COVID-19 Update

Maharashtra government forced to give undue importance to politics during the pandemic

Print edition : October 09, 2020

A roadside barber at work in Mumbai on September 16. The State government has by and large gone through the process of opening up cautiously. Photo: Vivek Bendre

Daily-wage labourers waiting to get hired for the day in Mumbai on September 16. Photo: Rafiq Maqbool/AP

The fight against COVID-19 fades into the background as the opposition tries to beat the government image in political games.

After navigating the worst of the coronavirus crisis, the Maharashtra government is now faced with an even greater challenge. “Mission Begin Again”, which signalled the opening up of businesses and industries two months ago, is proving to be more difficult than the lockdown.

Despite the rise in the number of COVID cases, the State government had no choice but to open up the State. It has by and large gone through the process cautiously, but there is now a sense that the government is overwhelmed by demands of business to open up totally.

There have been bursts of overoptimism. such as the one that led to the decision to shut the jumbo COVID centres which had to be retracted because there is still a need for such facilities. The demands from businesses are so pressing that the wisdom of slow and steady winning the race might just have to be shelved.

Said a Health Department official of the Brihanmumbai Municipal Corporation (BMC): “Most of us have known all along that there is really very little anyone can do in a pandemic. So, we took the best course and that was to minimise physical interaction. But those restrictions could only be possible for a while. As it is, India’s lockdown is being called one of the most severe in the world. We knew we would have to open up at some point and we knew that the virus would spread rapidly again. There is a factor of uncontrollable inevitability in this. You cannot blame any government. You cannot blame people for wanting to restart their lives and businesses. We will all have to exercise personal caution and learn new ways of going about our days.”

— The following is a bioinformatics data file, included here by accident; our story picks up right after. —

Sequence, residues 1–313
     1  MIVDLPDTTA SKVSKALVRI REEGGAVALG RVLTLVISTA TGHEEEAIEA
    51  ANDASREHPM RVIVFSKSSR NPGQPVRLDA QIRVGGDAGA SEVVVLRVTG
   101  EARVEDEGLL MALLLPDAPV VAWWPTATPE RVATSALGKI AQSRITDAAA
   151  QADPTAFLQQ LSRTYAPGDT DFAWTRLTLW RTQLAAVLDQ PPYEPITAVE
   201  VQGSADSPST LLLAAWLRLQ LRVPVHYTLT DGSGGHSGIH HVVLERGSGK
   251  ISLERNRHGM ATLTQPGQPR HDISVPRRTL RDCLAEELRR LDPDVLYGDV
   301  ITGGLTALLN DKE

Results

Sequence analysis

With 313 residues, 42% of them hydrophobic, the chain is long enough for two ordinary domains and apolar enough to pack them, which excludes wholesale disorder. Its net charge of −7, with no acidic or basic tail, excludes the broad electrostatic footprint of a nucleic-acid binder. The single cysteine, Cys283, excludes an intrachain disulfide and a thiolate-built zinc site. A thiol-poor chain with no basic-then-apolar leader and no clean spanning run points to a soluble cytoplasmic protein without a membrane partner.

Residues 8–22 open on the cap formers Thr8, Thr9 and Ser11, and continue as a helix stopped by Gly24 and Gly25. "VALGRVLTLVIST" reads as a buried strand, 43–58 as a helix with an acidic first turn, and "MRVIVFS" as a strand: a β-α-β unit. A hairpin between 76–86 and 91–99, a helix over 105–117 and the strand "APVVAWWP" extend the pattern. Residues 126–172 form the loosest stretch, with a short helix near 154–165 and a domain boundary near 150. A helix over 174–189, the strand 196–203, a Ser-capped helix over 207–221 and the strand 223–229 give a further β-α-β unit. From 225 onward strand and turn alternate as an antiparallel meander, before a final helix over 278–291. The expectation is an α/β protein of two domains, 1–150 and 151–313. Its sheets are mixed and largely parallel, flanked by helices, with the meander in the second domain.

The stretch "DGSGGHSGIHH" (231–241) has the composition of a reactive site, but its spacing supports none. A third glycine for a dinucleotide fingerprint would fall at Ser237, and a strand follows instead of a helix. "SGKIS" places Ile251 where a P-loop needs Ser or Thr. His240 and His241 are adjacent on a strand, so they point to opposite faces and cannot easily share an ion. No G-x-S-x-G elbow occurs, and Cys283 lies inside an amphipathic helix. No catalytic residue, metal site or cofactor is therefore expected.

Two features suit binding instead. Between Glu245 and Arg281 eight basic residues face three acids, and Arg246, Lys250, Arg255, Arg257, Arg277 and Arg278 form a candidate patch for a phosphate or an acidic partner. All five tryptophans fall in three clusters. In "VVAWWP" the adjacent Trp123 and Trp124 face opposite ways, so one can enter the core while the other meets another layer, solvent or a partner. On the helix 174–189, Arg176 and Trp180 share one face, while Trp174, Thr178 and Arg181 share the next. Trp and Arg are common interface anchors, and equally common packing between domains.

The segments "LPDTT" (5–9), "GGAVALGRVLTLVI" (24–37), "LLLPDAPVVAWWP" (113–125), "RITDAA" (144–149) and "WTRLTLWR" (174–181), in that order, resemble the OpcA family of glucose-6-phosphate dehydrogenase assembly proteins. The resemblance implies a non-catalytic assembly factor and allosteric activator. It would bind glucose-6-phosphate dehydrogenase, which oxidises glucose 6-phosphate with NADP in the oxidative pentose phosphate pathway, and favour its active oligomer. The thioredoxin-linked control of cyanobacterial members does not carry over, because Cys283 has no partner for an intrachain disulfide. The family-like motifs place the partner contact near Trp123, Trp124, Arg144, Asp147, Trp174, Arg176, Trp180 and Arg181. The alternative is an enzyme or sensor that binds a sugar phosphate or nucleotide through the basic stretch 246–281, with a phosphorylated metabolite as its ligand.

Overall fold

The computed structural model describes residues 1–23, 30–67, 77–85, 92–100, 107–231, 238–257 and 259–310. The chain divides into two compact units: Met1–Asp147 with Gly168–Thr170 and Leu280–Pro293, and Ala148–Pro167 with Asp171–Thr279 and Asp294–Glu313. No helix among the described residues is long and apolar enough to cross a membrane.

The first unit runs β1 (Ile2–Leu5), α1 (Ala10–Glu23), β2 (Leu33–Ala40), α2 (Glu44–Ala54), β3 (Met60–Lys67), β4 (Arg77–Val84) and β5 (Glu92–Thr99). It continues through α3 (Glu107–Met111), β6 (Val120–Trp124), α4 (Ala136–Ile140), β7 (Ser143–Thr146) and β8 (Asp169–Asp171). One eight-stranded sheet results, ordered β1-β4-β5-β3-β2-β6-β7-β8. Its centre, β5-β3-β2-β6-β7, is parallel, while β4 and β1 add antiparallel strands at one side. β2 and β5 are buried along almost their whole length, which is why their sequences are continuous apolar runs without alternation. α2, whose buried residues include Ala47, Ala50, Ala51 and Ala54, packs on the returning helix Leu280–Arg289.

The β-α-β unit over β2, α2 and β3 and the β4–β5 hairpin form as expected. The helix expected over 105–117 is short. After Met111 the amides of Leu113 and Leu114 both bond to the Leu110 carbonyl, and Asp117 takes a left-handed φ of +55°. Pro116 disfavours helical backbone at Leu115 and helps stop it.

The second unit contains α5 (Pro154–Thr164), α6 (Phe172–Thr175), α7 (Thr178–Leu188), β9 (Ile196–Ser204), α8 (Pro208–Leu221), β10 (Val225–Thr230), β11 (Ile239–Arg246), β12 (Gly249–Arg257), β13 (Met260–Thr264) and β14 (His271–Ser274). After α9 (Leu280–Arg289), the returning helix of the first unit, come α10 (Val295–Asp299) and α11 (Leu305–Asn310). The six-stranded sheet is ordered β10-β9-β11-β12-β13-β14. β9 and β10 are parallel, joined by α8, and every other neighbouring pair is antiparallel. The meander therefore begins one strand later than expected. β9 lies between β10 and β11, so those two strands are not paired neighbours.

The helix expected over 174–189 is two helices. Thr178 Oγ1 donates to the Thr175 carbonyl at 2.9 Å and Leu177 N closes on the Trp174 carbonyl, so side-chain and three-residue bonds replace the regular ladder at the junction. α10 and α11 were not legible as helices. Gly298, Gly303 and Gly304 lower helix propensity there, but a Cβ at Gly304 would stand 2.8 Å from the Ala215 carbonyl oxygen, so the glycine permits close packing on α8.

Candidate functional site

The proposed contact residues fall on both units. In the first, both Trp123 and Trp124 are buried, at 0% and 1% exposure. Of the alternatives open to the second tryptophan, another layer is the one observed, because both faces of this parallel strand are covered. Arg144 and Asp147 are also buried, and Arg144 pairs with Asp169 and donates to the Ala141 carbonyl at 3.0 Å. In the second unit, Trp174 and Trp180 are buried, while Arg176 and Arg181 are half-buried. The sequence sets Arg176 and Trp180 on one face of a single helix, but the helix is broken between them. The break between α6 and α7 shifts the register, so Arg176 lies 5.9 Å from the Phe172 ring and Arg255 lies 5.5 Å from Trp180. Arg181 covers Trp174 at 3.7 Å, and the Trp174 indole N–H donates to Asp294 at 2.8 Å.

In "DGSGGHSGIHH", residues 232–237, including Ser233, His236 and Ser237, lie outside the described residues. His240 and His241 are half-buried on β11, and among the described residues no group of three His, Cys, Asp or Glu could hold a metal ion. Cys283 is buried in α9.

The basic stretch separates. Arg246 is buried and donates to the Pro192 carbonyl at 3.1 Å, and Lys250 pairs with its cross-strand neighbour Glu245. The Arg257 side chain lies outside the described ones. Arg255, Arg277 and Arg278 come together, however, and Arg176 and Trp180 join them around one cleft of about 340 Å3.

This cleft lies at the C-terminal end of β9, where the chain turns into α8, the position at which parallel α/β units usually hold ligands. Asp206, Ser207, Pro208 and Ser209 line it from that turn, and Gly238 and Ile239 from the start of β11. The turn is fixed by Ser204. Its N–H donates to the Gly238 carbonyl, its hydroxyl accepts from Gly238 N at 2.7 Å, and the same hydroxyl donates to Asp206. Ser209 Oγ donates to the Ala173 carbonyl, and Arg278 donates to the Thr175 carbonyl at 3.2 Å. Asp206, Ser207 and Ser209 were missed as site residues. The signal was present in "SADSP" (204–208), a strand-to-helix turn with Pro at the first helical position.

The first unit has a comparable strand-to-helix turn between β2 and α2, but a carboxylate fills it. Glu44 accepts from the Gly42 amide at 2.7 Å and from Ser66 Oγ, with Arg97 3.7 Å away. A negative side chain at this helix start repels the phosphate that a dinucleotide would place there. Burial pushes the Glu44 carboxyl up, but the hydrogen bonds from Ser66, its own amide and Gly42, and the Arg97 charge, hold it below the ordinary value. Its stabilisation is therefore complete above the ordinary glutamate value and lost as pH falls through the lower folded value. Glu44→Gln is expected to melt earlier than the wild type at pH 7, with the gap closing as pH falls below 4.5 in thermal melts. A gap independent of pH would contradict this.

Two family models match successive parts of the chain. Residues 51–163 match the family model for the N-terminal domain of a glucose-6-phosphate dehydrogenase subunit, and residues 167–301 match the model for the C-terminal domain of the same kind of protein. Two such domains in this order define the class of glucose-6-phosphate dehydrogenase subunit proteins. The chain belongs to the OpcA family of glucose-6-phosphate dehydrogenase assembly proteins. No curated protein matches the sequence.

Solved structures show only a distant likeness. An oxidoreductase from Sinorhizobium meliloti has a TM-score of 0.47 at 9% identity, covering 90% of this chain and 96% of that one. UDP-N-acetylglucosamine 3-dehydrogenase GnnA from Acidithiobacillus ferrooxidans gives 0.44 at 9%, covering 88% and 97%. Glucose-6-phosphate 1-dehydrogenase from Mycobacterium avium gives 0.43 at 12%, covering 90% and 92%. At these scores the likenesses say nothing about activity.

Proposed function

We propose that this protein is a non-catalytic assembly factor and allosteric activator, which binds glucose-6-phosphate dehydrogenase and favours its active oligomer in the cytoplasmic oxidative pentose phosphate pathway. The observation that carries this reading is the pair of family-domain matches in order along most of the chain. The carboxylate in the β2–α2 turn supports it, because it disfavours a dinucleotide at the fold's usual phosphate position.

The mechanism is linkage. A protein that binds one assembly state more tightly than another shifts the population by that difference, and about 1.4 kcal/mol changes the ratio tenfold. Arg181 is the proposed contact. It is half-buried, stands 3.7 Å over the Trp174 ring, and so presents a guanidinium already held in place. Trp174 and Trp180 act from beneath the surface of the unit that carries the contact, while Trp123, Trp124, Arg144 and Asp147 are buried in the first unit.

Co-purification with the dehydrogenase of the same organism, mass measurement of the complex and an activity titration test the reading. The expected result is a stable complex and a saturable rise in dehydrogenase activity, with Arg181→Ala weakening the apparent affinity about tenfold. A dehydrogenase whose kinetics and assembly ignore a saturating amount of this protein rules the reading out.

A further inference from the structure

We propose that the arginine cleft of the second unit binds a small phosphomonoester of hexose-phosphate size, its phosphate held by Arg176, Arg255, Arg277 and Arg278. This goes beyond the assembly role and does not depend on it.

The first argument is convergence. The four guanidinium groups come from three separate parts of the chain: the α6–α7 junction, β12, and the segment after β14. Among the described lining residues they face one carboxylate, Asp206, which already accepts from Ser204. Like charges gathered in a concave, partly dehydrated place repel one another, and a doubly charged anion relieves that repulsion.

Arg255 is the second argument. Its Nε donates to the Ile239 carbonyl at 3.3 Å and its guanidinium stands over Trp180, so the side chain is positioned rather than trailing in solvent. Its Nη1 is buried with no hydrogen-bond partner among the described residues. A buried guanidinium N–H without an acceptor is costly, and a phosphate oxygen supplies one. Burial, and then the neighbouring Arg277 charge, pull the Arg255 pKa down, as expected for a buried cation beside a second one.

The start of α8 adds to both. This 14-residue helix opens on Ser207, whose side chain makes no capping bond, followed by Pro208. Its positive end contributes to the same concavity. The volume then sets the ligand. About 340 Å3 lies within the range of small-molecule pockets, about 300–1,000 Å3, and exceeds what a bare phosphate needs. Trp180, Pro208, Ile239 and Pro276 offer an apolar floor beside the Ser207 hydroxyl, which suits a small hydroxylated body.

These words were similar to what Chief Minister Uddhav Thackeray said in his public address a few days later, on September 13, when he announced the Majhe Kutumb Majhi Jababdari–My Family, My Responsibility–campaign. Formally launched on September 15, it is aimed at promoting individual responsible behaviour as a means to ending the pandemic and holding door-to-door surveys to asses health and offer help. The first phase, up to October 10, will target 2.25 crore families. The next phase will be from October 12 to 24. Uddhav Thackeray spoke extensively of the need for individual responsibility as a means of staying safe and of returning to a normal way of life. He emphasised the old rules of hand hygiene, sanitisers and masks, saying they were the warriors in this fight.

High caseload

Maharashtra has more than one-fourth of India’s caseload and nearly 40 per cent of the COVID deaths. Districts such as Solapur, Kolhapur and Raigad are nearing 1,000 deaths each. On September 15, the State’s coronavirus tally was 10,97,856. Deaths numbered 30,409. Recoveries were 7,75,273 and there were 2,91,797 active cases. As many as 54,09,060 tests had been conducted until then. As on September 15, Mumbai’s caseload was 1,72,010 and deaths 8,181. Pune now leads with 2,27,307 cases but has fewer deaths at 5,222.

Said a Health Department official: “We are doing what needs to be done. Testing has been increased. And from September 16 house-to-house testing began. We had miscalculated earlier and that’s why there was a plan to begin shutting the jumbo centres, but those will continue.”